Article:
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What makes some societies more peaceful, resilient, and capable of responding effectively to conflict and crisis than others? Though we are still searching for clear and convincing answers to this question, we do know that peace is more than simply the absence of violence - truly peaceful societies tend to have the necessary institutions, norms, and values in place to resolve problems in non-violent ways that are generally deemed fair. They are also marked by an absence of violent rhetoric in their public and political spheres, and are often able not only to bounce back from disasters like the COVID-19 pandemic, but to constructively adapt and transform in response. Most young people are in the parts of the world most prone to conflict and violence. A shared security architecture is a necessary check on proxy conflicts and populist movements. There are examples of transitional justice mechanisms providing a path to reconciliation in war-torn countries. Funding to address conflict with humanitarian aid falls well short of what is needed. Most peacebuilding efforts have only managed to achieve a temporary cessation of conflict. Two-thirds of the world’s extreme poor will live in conflict-affected areas by the year 2030. Communities with strong ‘horizontal’ ties are more likely to rebuild after a disaster than emigrate. Without local ownership, any peace process is likely to eventually crumble.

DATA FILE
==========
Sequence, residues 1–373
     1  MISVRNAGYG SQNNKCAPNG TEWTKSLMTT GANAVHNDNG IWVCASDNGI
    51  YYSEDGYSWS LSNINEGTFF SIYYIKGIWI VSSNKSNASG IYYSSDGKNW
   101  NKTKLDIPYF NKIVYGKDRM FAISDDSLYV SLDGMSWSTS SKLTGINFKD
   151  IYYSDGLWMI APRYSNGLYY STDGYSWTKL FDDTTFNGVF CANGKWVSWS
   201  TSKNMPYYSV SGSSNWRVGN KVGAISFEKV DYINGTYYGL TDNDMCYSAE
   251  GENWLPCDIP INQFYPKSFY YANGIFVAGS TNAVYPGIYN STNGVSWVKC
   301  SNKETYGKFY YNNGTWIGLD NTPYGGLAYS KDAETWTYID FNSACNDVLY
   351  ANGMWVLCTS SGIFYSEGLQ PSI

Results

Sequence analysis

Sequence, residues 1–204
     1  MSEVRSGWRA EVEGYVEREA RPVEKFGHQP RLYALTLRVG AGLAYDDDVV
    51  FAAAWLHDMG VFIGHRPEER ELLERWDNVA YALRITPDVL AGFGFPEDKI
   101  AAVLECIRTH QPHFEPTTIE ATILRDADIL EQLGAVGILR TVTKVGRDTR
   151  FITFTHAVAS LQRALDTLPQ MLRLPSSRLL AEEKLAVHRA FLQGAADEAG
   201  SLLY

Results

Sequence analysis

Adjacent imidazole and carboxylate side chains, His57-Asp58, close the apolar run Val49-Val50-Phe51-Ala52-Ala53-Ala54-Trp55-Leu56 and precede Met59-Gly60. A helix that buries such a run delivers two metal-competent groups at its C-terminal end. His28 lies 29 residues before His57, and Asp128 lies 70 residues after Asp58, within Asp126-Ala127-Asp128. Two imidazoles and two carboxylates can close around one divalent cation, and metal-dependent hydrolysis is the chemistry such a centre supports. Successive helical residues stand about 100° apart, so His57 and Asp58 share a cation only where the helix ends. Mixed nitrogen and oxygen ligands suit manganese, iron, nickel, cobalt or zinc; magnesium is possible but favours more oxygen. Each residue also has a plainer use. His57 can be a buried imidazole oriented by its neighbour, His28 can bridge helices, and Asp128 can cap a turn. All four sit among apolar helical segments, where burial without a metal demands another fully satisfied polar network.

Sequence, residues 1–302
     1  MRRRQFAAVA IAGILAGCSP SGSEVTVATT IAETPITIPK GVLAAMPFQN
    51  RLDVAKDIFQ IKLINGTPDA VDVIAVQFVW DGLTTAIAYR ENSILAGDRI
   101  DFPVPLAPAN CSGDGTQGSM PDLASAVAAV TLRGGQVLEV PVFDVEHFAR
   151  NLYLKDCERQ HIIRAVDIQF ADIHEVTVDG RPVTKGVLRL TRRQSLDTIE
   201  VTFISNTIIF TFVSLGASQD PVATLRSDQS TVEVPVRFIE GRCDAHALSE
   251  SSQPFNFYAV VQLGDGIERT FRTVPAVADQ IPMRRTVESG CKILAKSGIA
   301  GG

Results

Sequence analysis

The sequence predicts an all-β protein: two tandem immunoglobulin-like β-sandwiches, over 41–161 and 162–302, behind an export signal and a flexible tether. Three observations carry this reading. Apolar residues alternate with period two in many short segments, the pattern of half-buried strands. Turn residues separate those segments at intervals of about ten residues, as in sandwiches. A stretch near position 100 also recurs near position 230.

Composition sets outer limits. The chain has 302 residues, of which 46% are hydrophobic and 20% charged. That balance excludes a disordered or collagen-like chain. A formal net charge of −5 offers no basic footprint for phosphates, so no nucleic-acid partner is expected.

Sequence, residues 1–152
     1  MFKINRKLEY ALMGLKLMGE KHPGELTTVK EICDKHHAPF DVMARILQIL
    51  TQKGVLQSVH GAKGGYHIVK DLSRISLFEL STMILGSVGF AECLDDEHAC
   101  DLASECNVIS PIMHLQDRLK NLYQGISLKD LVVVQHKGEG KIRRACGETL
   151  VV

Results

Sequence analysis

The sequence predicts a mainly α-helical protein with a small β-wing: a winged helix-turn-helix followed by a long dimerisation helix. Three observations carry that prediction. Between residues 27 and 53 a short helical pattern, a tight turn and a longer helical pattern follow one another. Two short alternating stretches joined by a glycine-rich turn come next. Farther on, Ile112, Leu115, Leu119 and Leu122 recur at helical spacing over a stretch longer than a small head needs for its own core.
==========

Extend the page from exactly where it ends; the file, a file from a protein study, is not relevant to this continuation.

Peace and Resilience

KEY TRENDS

Peace and Resilience